Do June bugs eat insects?

As herbivores, June bugs don’t consume other insects as part of their diet. The only thing that attracts them is plant matter, despite the fact that they have mandibles that can devour smaller insects. If an aphid or other small insect is on the plant that the June bug is consuming, the June bug may mistakenly consume it.

None of the following insects are eaten by June bugs:

  • Aphids
  • Caterpillars
  • Spiders
  • Ants
  • Mites
  • Ladybugs
  • Various June bugs

Other insects can be bitten by June bugs. But if they feel threatened, they can only employ this behavior to defend themselves against other insects.

June bugs can be prey for other insects and animals, and if attacked, they may try to protect themselves.

Do June bugs Eat Plants?

June bugs primarily eat vegetation and plants. The plant is consumed by the June bugs, but typically only in very little amounts. They may, at best, result in minor bruising, leaf curling, or surface discoloration. Adult June bugs do very little overall harm to plants, even in swarms.

Even though adult bugs primarily harm plants’ appearance, gardeners nevertheless view them as pests. This typically has more to do with the grubs eating grass and other plants from the ground up.

Gardeners worry about June bug grubs because they can cause more serious issues if they become an infestation. On order to find grubs, animals like skunks or raccoons will dig holes in your yard. This can ruin your yard significantly and be very frustrating.

If this is a problem for you, see our advice on clearing your yard of June bugs.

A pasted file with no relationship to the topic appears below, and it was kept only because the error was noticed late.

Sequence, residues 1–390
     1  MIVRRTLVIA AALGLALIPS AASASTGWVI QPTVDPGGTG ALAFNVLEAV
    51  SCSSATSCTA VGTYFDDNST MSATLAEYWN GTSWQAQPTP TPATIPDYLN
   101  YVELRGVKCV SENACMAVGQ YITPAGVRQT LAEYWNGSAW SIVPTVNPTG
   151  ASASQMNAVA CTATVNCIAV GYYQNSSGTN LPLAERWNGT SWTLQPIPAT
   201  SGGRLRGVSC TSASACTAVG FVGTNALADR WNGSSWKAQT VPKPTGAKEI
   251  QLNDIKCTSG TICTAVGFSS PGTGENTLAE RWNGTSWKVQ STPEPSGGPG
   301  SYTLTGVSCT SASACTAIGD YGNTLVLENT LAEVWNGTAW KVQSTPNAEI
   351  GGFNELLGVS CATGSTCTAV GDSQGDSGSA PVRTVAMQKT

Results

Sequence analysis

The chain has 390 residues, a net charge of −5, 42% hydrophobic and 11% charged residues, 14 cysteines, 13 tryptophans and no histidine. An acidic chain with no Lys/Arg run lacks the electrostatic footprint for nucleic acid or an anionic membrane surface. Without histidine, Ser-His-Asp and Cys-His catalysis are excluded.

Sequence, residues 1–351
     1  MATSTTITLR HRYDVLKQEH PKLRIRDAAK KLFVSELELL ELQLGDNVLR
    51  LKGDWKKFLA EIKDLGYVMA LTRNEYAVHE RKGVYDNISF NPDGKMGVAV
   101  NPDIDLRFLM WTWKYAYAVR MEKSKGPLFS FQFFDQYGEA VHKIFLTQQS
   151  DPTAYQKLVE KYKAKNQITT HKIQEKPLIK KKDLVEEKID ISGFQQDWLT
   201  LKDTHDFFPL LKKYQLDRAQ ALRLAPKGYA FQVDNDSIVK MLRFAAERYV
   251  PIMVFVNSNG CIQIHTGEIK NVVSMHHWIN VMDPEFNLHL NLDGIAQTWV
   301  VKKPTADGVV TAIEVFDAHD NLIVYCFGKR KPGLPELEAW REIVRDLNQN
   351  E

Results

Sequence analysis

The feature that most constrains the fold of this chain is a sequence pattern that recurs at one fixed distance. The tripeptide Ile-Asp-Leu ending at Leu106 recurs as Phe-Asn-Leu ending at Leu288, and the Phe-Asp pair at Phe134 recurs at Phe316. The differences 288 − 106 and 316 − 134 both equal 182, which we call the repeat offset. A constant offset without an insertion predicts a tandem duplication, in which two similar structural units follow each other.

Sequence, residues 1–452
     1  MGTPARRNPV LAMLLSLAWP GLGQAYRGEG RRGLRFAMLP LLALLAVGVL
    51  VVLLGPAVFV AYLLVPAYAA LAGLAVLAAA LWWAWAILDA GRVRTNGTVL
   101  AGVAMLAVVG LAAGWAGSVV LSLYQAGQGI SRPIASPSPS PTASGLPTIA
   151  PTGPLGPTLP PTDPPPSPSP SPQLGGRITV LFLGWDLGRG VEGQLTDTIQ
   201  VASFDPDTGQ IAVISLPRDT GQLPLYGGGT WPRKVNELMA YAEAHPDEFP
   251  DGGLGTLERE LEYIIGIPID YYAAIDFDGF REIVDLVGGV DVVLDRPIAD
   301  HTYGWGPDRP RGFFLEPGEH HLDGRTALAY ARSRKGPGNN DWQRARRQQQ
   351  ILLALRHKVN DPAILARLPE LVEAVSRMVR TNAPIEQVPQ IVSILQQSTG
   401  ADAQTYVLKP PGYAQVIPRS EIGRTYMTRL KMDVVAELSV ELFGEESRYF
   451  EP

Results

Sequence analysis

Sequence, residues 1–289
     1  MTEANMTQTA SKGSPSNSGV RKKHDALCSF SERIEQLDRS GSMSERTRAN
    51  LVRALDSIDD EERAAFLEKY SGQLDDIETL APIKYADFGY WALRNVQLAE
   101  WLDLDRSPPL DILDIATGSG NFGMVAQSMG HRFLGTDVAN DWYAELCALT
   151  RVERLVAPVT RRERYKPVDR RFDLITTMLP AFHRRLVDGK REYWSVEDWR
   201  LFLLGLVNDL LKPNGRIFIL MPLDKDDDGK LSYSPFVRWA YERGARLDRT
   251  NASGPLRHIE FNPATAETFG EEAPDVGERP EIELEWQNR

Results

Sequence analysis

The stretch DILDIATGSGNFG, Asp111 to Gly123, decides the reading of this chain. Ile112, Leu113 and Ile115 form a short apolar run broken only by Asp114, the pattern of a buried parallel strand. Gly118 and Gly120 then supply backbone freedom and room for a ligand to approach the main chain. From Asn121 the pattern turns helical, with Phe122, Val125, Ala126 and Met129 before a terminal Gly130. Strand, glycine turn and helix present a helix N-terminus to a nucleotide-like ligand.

Do June bugs eat Fruit?

Fruit, especially soft or overripe fruits, are attractive to many species of June bugs. The June bugs enjoy eating the delicious flesh since it provides them with an excellent amount of nutrients and energy.

June bugs are likely to consume fruits like:

  • Apricots
  • Blackberries
  • Blueberries
  • Figs
  • Grapes
  • Nectarines
  • Peaches
  • Pears
  • Plums
  • Raspberries
  • Strawberries

Where they have chewed on the fruit’s surface, June bugs will leave a little area of damage. The good news is that June bugs favor fruits that are just beginning to deteriorate and have passed their prime for freshness. As a result, you can pick the majority of your fruit before the June bugs start munching.

When you harvest your fruit, use caution and make an effort to check it first. The June bugs may get inside the fruits and chow down on the succulent flesh there.

Overripe fruit trees can sustain significant harm from large swarms of June bugs. It might be advisable to gather the fruit before it goes bad if you aren’t going to eat it yourself because rotting fruit will encourage June bugs to deposit their eggs on your neighbor’s yard.